Updated August 23, 2021
The district refers to the NOAA Heat Index Chart which provides information about the likelihood of heat disorders due to prolonged exposure to high temperatures and humidity. If the forecasts call for the outdoor heat index to be at the “danger” level or higher, this triggers a decision to either shorten the school day, or close school. When the outdoor heat index is at this level, our indoor classrooms generally have even higher heat indexes, at what the National Weather Service has determined is the danger level. The Illinois School Code allows for the use of interrupted school days or emergency closing days for adverse weather conditions.
How does the district decide to institute an interrupted or emergency closing day due to heat?
1. How does the district ensure the comfort and safety of children when school is in session on hot and humid days?
With the exception of Oak Terrace Elementary School, Northwood Middle School, and the Green Bay Early Childhood Center, buildings in North Shore School District 112 are not fully air-conditioned.
During periods of extreme temperatures and humidity, district staff members take precautions to ensure that children are adequately hydrated and stay as comfortable as possible.
Below are guidelines that district staff follow during warm-weather conditions:
● Ensure that drinking water is readily available and that students are well hydrated
● Remind students and staff to wear lightweight, loose-fitting cotton clothing
● Prevent students from over-exerting themselves
● Keep children indoors or in shady outside areas during the hottest parts of the day
● Take all necessary steps to ensure keeping classroom temperatures comfortable
● Keep windows and doors open, and have at least one fan running
● Monitor temperature and humidity levels throughout the day in rooms expected to have high temperatures, and calculate the effective temperature (ET).
● Move students to cooler areas of the building in rooms where ET exceeds 85 and there are more than 2 hours remaining in the school day.
2. How does the district determine when to institute an interrupted school day or emergency school closure due to heat?
The district refers to the NOAA National Weather Service’s Heat Index Chart, which provides information about the likelihood of heat disorders due to prolonged exposure to high temperatures and humidity. If the forecasts call for the outdoor heat index to be at the “danger” level or higher, this triggers a decision to either shorten the school day, or close school. When the outdoor heat index is at this level, our indoor classrooms generally have even higher heat indexes, at what the National Weather Service has determined is the danger level. The Illinois School Code allows for the use of interrupted school days or emergency closing days for adverse weather conditions.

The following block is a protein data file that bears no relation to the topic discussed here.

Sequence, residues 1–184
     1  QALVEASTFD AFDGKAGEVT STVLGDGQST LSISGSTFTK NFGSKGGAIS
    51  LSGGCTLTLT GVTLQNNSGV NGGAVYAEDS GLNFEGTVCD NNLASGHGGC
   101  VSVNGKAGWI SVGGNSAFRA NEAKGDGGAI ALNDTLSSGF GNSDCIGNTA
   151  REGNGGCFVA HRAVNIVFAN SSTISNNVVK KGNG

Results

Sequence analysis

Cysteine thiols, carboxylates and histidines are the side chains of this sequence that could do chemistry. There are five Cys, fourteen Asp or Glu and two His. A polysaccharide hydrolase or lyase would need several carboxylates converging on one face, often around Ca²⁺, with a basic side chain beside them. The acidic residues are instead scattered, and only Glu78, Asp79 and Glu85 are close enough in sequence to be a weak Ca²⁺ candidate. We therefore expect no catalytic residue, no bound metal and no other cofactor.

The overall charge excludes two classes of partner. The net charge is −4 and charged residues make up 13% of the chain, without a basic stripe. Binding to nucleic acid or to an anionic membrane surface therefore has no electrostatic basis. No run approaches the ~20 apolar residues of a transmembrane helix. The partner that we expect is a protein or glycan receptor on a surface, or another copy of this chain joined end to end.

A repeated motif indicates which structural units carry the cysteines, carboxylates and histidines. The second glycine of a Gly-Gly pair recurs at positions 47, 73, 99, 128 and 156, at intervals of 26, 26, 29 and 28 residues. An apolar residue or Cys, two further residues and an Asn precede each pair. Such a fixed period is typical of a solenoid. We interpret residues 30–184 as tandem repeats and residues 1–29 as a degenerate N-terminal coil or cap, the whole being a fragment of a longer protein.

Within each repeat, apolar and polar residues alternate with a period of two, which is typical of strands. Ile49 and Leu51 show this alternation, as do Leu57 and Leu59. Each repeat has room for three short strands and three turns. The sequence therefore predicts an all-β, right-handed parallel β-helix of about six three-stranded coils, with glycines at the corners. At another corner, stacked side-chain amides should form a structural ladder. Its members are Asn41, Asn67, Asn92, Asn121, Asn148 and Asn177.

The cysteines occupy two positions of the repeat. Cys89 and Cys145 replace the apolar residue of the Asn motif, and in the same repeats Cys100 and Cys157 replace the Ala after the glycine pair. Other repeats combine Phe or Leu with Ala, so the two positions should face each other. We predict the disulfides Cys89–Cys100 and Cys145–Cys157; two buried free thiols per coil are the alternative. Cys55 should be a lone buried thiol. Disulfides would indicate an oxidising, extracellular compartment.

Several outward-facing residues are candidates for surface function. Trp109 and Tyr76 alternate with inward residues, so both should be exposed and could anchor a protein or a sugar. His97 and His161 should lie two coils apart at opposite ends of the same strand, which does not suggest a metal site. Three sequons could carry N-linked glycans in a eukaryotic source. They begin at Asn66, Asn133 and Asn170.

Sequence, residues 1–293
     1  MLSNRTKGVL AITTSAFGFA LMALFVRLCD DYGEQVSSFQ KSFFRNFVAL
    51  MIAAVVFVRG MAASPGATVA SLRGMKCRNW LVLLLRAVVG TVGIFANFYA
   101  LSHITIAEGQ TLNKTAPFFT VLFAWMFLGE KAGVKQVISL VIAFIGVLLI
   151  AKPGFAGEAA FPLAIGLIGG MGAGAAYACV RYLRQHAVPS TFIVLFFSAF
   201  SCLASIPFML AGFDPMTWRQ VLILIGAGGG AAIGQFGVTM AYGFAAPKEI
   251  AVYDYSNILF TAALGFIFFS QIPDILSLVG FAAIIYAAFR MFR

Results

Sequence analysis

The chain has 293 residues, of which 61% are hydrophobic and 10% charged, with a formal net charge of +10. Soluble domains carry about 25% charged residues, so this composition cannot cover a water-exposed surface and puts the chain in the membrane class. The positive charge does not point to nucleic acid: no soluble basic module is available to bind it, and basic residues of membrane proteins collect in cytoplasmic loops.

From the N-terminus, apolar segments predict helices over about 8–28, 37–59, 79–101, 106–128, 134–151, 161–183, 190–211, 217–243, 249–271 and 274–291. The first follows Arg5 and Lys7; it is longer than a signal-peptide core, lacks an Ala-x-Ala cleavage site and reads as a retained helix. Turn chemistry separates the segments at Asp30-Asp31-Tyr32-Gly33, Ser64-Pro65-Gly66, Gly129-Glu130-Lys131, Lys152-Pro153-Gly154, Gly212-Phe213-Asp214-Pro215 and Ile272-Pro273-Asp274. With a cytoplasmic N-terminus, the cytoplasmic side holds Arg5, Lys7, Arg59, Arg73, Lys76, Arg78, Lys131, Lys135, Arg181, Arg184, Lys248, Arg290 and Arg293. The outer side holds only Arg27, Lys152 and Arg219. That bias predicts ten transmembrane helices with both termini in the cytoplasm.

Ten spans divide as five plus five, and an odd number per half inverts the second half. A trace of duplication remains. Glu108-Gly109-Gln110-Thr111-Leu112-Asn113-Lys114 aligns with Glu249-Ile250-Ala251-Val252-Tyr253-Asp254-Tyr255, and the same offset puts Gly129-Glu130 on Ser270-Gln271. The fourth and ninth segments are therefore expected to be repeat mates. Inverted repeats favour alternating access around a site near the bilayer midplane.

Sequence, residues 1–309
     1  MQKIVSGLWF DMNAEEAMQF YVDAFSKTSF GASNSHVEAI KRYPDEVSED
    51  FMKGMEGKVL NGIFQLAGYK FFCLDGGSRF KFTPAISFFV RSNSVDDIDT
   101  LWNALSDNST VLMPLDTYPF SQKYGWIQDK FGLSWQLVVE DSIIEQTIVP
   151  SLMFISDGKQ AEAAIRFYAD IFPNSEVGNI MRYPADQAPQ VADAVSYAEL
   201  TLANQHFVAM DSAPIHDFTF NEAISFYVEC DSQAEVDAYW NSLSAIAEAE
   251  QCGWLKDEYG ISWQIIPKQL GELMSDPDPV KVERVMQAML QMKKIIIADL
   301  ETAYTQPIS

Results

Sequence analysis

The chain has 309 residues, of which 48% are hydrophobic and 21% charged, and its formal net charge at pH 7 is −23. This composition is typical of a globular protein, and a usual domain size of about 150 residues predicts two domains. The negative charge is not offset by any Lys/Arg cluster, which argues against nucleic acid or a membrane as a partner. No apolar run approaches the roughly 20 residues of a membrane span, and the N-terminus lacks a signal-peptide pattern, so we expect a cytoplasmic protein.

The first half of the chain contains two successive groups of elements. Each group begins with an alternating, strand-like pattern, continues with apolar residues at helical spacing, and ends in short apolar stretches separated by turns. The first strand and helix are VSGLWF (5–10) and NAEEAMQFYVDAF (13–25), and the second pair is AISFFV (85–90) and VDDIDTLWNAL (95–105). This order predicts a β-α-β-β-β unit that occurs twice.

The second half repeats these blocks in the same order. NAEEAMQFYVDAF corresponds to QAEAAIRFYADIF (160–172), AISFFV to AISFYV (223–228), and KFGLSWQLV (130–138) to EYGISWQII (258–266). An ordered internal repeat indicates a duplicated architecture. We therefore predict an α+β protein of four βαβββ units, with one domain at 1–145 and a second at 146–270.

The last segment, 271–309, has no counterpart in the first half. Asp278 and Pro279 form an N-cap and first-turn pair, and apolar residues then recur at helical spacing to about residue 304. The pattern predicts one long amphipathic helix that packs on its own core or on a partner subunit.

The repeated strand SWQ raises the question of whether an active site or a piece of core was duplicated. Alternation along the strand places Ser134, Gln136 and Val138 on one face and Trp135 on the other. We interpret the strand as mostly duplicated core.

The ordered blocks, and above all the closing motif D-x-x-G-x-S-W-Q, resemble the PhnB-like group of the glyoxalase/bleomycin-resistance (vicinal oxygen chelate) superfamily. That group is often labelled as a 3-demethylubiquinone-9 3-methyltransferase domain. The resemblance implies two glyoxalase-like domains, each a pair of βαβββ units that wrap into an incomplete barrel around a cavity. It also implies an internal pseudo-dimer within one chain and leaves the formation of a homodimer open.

3. Does the district take into consideration the difficulties that working parents face in arranging childcare when the school day is interrupted or school is closed? The district’s first priority is to ensure the health and safety of its children and to provide a classroom environment that is effective and conducive to learning. When the indoor temperatures rise beyond a certain level, it can cause adverse health consequences, and the learning environment is disrupted. During periods of extreme heat, the district monitors classroom temperatures and rotates children to cooler areas of the building.
During the very warmest periods of the day, it becomes more difficult to maintain optimal learning conditions for all students and to ensure that children aren’t exposed for a prolonged period to potentially dangerous heat conditions. The district is aware that it is difficult for families when changes are made to the school day on short notice. However, the health and safety of the children must come first.
4. Why aren’t all the buildings air-conditioned? With the exception of Northwood and Oak Terrace, all of the district’s buildings were built prior to 1961, when air-conditioning was not a standard feature. Adding air-conditioning is a costly undertaking, and many of the buildings need significant updating beyond air-conditioning.
The District is examining a Long-Range Facility Plan, Phase 2, with a potential ask for community financial support to upgrade schools and provide for air-conditioning in all buildings.
5. How would interrupted days and emergency closing days impact the school calendar? Any unscheduled early release days will NOT affect the school calendar. These count as full school days, and the state does not require that they be made up. All emergency closing days must be made up, and the school calendar will be modified accordingly and submitted to the state for approval. The Superintendent could call for an emergency day or for an "E" Learning Day.
6. How has the district handled periods of extreme heat in the past? The district has heat guidelines in place, which are implemented any time the outdoor temperature hits 85 degrees or higher on a school day. Based on our past experience with the difficulties of creating a safe environment conducive to learning on heat-intensive days, the district has begun using the NOAA National Weather Service heat index, which measures outdoor temperature and relative humidity, along with the district’s own measures of indoor classroom temperatures.